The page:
Since the December mass shooting at Sandy Hook Elementary School in Newtown, Conn., the video game and entertainment industries have been criticized by lawmakers and the National Rifle Association for producing graphic violent content that they say fuels violent behavior in real life. 

White House demands China stop cyber spying: Tom Donilon, the president’s national security adviser, urged China on Monday to stop hackers from breaking into U.S. computer systems and stealing business secrets.

“The international community cannot afford to tolerate such activity from any country,” Donilon said in a speech in New York.

Donilon said that U.S. officials have urged China to recognize the “urgency and scope” of the problem and to take “serious steps” to stop the hackers. He said the Chinese government should engage in a dialogue to establish acceptable rules of behavior in cyberspace. 

Broadcaster group worried FCC will limit auction proceeds: A coalition of TV stations interested in selling off their broadcast licenses is worried that the Federal Communications Commission will try to limit their cut of auction revenue. 

In a filing with the FCC on Sunday, the Expanding Opportunities for Broadcasters Coalition warned that limiting revenue for TV stations could cause the entire auction to fail.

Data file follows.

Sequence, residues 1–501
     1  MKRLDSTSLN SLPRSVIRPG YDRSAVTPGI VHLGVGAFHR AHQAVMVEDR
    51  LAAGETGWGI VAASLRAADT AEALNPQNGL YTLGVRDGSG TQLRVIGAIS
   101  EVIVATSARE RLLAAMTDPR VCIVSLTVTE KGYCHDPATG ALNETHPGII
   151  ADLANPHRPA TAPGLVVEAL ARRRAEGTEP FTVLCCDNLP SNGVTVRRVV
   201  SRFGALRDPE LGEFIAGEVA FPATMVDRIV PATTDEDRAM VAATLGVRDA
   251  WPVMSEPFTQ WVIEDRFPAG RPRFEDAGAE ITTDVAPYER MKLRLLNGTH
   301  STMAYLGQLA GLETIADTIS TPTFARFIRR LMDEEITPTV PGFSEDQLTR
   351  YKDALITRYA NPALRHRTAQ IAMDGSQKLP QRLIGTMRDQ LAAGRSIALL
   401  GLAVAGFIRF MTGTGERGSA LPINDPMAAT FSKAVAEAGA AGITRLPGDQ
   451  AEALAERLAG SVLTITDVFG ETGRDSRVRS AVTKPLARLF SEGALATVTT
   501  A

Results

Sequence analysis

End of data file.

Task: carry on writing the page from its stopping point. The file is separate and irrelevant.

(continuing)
Commerce officials call for cybersecurity bill: Commerce Department officials on Monday stressed that Congress needs to pass cybersecurity legislation that incentivizes companies to boost the security of their computer systems and networks, adding that the executive branch cannot grant that power. 

“Tax incentives, liability protections— those are things that the president can’t wave a magic wand and make happen,” said Ari Schwartz, senior policy adviser to the secretary of Commerce, at a briefing about the executive order hosted by law firm Venable. “Congress needs to pass those things.”

NMPA: Pandora CEO’s departure may mend fences: The head of the National Music Publishers Association (NMPA) on Monday said the forthcoming departure of Pandora CEO Joe Kennedy presents an opportunity for the online radio service to patch up its fractured relationship with the songwriting community.

NMPA CEO David Israelite said songwriters are frustrated that roughly 4 percent of Pandora’s revenue goes towards compensating them for their music, while nearly half of company’s revenue goes towards paying recording labels and recording artists. Meanwhile, Israelite notes that Pandora has filed suit to lower the percentage of revenue it pays to songwriters.

Leiberman joins AEI: Former Sen. Joe Lieberman (I-Conn.) is joining the American Enterprise Institute, the conservative think tank announced Monday.